There are many posts on the Internet discussing the complexity of computing string length these days, but few making a clear recommendation of the right thing to do. In some sense, that’s probably because there is no single right answer.
But when it comes to free-form text (text which can contain non-English characters, emojis, etc.), I would argue that there is one very good answer and a bunch of crappy ones. So I’ll skip straight to giving you that good answer now:
The one good universal definition of free-form string length
When represented as valid Unicode, you should count the number of Unicode scalar values in the string.
You may want to handle control characters in a special way, but we’ll get into that later.
Why do you need a universal definition of string length?
If your software ingests strings that need to be saved somewhere, you should care about string length. Remember that a string can contain the entire collected works of Shakespeare. Think about what happens if all of your strings are that size.
And unless you have the luxury of writing all of your software in a single language, running on a single platform, with a single point of data entry, you need to worry about how the same string can be represented in different ways depending on the circumstances. If you have two pieces of software that can each input a string that gets saved in the same database, you don’t want them counting the length in different ways. Then you risk one piece of software being able to load strings from the database that it won’t let user the write back to it. That would be annoying.
So why is this not trivial? Because everyone wants to measure string length in “characters”. But what is a “character” anyway?
- In most software you can count characters in a string by moving a cursor through the string or trying to select portions of the string and seeing what can/cannot be selected. What this actually counts is grapheme clusters: the “horizontally segmentable” parts of the string.
- Each grapheme cluster is a sequence of 1 or more graphemes. Annoyingly, the Unicode standard calls these “characters”, which I am highly suspicious of. Most modern software allows users to input grapheme clusters with a single click or tap, and does not clearly subdivide them into graphemes.
- Each grapheme is a sequence of 1 or more code points, which are the
things you can actually look up in the Unicode tables e.g.,
- Some code points (surrogates and noncharacters) are used only in certain encodings or for internal Unicode use and never represent characters in Unicode. All other code points are Unicode scalar values.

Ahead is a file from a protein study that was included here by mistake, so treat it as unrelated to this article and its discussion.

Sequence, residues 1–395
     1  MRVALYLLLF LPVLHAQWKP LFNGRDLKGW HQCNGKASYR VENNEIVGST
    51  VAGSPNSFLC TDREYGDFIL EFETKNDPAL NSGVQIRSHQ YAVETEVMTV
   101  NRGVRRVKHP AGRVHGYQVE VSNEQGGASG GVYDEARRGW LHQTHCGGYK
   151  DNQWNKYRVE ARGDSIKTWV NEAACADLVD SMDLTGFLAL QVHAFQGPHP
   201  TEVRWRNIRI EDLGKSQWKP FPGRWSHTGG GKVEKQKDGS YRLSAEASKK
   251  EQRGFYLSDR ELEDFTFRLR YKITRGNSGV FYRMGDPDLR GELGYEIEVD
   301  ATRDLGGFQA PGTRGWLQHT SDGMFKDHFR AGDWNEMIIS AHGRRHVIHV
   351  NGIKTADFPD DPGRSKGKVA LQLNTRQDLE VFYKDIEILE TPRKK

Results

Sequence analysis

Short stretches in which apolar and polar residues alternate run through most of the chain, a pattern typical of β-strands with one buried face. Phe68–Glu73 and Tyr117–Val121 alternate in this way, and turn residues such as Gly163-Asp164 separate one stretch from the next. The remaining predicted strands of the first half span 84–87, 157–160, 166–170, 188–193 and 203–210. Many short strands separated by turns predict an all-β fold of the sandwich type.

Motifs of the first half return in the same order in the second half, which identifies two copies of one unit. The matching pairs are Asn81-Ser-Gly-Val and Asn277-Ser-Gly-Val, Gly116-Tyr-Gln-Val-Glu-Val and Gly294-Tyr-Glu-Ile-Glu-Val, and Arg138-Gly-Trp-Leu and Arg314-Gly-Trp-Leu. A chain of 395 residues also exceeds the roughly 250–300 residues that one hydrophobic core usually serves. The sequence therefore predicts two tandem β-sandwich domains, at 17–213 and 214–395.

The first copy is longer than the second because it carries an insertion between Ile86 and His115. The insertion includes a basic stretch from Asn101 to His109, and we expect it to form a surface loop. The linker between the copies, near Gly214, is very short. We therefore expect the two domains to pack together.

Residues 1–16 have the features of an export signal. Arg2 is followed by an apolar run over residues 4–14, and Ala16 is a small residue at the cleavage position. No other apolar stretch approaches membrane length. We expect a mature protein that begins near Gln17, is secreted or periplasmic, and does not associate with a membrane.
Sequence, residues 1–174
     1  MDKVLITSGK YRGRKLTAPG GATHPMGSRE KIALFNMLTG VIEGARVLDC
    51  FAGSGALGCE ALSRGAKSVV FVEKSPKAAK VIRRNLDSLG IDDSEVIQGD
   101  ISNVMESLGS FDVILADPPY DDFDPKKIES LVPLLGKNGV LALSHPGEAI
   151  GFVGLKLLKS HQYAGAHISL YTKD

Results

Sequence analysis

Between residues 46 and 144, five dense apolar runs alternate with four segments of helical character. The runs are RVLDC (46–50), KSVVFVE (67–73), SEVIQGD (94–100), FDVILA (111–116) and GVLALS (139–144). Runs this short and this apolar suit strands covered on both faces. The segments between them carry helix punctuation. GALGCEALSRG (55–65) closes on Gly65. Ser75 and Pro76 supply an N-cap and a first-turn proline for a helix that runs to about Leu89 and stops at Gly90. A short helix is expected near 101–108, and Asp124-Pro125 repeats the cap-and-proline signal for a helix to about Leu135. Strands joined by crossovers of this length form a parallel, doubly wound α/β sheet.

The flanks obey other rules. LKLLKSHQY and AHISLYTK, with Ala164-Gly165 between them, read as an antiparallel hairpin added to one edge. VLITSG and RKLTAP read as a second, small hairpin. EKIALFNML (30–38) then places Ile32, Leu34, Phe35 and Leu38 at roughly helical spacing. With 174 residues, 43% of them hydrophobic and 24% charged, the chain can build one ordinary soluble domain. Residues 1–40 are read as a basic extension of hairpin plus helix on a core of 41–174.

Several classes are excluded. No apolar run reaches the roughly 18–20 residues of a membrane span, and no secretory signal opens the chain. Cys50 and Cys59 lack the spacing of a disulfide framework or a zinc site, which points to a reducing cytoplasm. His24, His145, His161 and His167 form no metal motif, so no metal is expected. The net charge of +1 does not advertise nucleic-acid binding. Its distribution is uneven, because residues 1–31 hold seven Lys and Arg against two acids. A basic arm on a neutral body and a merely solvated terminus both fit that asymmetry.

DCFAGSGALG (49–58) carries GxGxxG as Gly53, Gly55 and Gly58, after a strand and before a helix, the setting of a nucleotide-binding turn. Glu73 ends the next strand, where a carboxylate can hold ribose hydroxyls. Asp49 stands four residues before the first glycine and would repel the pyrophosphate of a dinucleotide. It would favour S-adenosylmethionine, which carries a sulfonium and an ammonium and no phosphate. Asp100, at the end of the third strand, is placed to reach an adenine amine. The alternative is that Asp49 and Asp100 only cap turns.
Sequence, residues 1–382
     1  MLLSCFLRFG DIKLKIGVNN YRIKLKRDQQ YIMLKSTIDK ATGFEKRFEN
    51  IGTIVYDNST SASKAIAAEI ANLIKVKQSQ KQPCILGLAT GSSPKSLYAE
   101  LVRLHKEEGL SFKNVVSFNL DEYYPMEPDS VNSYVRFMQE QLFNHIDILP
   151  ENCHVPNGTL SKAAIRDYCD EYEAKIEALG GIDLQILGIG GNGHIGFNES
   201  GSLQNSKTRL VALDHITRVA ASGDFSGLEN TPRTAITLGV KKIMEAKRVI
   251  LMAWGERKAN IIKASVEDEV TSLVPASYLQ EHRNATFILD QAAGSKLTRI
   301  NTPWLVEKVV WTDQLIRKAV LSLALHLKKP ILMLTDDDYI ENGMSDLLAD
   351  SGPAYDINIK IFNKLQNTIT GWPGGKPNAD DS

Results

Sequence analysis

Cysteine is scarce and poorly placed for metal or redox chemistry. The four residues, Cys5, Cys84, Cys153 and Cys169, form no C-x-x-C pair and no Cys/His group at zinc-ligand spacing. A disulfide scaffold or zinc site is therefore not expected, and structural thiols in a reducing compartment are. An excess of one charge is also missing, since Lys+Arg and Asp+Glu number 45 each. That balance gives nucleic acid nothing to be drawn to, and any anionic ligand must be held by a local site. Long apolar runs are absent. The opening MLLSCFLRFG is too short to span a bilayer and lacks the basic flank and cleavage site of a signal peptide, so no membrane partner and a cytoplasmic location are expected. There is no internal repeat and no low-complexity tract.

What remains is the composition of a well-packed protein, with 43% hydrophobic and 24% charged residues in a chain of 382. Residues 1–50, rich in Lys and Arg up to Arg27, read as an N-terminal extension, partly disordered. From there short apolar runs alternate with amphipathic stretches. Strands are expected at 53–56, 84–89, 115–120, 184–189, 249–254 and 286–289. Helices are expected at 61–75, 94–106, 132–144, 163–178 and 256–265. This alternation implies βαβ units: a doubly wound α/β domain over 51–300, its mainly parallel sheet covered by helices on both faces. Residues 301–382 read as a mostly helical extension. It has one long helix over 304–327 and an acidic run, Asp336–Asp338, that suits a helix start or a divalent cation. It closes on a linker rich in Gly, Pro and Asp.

- Each Unicode scalar value is represented by 1-4 bytes (depending on the encoding)
So there are 5 different ways to count string length: grapheme clusters, graphemes, code points, scalar values, and bytes. Why did I pick scalar values? Anything above code points is a non-starter: graphemes and grapheme clusters can contain an arbitrary number of code points and thus an arbitrary number of bytes! A length limit is pointless if a single “character” can be arbitrarily large. 3 and 5 are also no good because they are encoding-dependent and thus not universal: strings usually have different lengths when encoded in UTF-8 and UTF-16, and may contain different code points!
That’s why counting Unicode scalar values is the one good measure of string length. The nice thing is that most characters in most languages are represented with individual scalar values, so most of the time your users won’t be too confused by this method of counting. They may just need to get used to certain fancy characters like emojis consuming more of their string length than others.
C0 and C1 are portions of the Unicode table containing control codes. Technically these are scalar values like any other and can be counted normally, but if you are specifically handling user-created text as opposed to a terminal user interface you probably don’t want them.
Most of them exist purely to support backwards compatibility with cryptic legacy
U+009D “operating system command”. Some are useful but have
better Unicode alternatives. For example the ambiguous “new line” which often
uses some combination of the control codes
U+000D but can better
U+2028 “line separator” and
U+2029 “paragraph separator”.
In my applications, I simply strip control codes from the text and calculate the
string length after.
How to count Unicode scalar values
It is easy but often not obvious how to count scalar values. This happy family
will help us out:
👨👨👦👦. This family contains 7 scalar
values (the right answer), but contains 1 grapheme cluster (on most modern
software), 11 code points in UTF-16, 22 bytes in UTF-16, and 25 bytes in UTF-8.
Here’s how to do it right (and wrong) in a bunch of languages. If you know how to do this in a language I didn’t include here, please leave a comment!
str.EnumerateRunes().Count() // 👍 str.Length // ❌ number of UTF‑16 code points
len(rune(str)) // 👍 len(str) // ❌ number of bytes when UTF‑8 encoded utf8.RuneCountInString(str) // 👍 also works
[...str].length // 👍 str.length // ❌ number of UTF‑16 code points
str.codePointCount(0, str.length) // 👍 str.length // ❌ number of UTF‑16 code points
len(str) // 👍
str.length // 👍
str.unicodeScalars.count // 👍 str.count // ❌ number of grapheme clusters